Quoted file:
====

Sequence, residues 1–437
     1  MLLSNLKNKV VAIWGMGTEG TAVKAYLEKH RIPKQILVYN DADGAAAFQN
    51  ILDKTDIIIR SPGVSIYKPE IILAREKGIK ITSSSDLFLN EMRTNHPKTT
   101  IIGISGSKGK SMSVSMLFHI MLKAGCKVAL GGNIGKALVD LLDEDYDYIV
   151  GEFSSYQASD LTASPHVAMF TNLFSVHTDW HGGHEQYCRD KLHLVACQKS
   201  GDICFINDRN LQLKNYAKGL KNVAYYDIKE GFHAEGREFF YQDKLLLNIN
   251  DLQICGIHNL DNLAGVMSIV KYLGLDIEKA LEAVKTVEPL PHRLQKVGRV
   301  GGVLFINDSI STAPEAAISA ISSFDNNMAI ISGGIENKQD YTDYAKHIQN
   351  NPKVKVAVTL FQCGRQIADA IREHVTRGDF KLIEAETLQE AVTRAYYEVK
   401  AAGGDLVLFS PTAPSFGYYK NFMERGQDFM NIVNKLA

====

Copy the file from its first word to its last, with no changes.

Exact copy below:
Sequence, residues 1–437
     1  MLLSNLKNKV VAIWGMGTEG TAVKAYLEKH RIPKQILVYN DADGAAAFQN
    51  ILDKTDIIIR SPGVSIYKPE IILAREKGIK ITSSSDLFLN EMRTNHPKTT
   101  IIGISGSKGK SMSVSMLFHI MLKAGCKVAL GGNIGKALVD LLDEDYDYIV
   151  GEFSSYQASD LTASPHVAMF TNLFSVHTDW HGGHEQYCRD KLHLVACQKS
   201  GDICFINDRN LQLKNYAKGL KNVAYYDIKE GFHAEGREFF YQDKLLLNIN
   251  DLQICGIHNL DNLAGVMSIV KYLGLDIEKA LEAVKTVEPL PHRLQKVGRV
   301  GGVLFINDSI STAPEAAISA ISSFDNNMAI ISGGIENKQD YTDYAKHIQN
   351  NPKVKVAVTL FQCGRQIADA IREHVTRGDF KLIEAETLQE AVTRAYYEVK
   401  AAGGDLVLFS PTAPSFGYYK NFMERGQDFM NIVNKLA